Literally: ‘thisnessism’.

Theory deriving from Johannes Duns Scotus (c. 1266-1308), with roots in Aristotle, that as well as ordinary general properties there are special properties (haec-ceitie or thisnesses) necessarily associated each with just one individual.

Socrates has the property of Socrateity and Plato that of Platonity.

Traditional Aristotelianism individuated objects by their matter, which as such (abstracted from all form) was unknowable.

Properties, however, count as form rather than matter, and so Socrates and Plato could now – at least in principle – be distinguished by reason, not just by the senses. Recently, ‘anti-haecceitism’ has been used for the rejection either of primitive (that is unanalyzable) thisnesses or of primitive transworld identity.

Also see: counterpart theory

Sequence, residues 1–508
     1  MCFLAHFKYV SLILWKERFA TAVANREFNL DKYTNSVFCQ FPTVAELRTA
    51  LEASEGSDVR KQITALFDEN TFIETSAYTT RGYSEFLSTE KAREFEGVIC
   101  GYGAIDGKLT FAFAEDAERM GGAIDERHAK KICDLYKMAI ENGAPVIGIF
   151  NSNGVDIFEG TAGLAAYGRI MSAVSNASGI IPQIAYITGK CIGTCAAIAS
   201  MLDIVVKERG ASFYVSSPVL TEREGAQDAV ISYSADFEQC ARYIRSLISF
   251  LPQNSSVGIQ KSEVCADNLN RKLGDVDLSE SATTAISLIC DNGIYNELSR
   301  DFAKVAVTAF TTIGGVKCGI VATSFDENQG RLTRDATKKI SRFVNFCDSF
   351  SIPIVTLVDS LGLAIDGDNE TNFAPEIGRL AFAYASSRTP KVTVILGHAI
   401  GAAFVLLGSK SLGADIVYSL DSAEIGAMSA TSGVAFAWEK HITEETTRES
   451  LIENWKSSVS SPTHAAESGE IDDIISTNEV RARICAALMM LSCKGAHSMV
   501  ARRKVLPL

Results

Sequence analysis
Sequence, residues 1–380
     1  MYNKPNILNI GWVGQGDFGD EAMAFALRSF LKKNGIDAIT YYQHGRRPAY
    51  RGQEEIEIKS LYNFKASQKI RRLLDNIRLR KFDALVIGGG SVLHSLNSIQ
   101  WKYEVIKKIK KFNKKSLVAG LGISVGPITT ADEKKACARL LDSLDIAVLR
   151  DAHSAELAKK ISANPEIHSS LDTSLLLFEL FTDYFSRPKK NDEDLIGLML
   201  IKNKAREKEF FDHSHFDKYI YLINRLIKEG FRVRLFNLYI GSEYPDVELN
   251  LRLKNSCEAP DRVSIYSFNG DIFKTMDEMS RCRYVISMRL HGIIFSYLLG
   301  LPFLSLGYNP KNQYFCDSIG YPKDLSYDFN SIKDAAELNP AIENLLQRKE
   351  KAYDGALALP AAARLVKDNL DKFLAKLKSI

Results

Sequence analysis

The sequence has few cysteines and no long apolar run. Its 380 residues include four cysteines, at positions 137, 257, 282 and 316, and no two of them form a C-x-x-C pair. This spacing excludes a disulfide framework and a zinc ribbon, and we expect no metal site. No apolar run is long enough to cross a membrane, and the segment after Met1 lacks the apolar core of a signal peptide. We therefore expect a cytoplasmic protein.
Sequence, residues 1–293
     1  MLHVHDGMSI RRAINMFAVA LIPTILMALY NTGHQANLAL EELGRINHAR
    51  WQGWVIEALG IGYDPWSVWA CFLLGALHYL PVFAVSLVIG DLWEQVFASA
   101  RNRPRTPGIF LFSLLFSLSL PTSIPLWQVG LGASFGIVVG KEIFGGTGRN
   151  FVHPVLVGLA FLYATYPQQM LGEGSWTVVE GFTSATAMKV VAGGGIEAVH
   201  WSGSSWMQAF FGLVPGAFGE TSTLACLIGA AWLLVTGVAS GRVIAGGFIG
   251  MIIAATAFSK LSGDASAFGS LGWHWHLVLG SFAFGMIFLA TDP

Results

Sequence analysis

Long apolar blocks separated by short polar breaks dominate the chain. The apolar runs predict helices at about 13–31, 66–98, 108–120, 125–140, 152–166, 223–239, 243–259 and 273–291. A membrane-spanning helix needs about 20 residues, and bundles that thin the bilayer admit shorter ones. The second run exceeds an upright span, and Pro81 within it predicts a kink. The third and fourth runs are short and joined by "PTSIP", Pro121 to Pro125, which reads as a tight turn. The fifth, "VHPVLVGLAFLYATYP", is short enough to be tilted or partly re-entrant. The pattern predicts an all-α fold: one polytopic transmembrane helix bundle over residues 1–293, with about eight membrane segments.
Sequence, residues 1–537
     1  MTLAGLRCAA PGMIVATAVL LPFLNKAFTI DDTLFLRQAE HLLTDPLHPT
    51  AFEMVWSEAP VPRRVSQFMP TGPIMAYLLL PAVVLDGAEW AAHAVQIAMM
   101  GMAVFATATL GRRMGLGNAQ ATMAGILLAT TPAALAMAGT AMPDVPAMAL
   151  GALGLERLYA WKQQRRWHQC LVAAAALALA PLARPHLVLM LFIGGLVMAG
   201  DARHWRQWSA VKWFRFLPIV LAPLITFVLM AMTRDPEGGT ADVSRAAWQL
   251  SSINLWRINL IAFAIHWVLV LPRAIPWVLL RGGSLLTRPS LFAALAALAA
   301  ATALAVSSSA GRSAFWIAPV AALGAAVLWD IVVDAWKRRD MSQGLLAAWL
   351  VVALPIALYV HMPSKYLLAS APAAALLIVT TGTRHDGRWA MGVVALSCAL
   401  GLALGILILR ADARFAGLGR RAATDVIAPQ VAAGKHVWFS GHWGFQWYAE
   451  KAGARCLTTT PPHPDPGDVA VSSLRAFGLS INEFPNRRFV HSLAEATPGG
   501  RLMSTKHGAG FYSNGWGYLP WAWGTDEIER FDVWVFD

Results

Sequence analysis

A B Wolter, The Philosophical Theology of John Duns Scotus, M McC Adams, ed. (1990), ch. 4

In metaphysics, haecceitism is the perspective implied by the belief that entities can have haecceity or individual essence, “a set of principles which are essential to it and distinguish it from everything else.”[1] James Ladyman characterizes haecceitism as “the claim that worlds can differ solo numero, that worlds can differ de re whilst not differing de dicto, sometimes said, that worlds can differ solely by the permutation of individuals.”[2]


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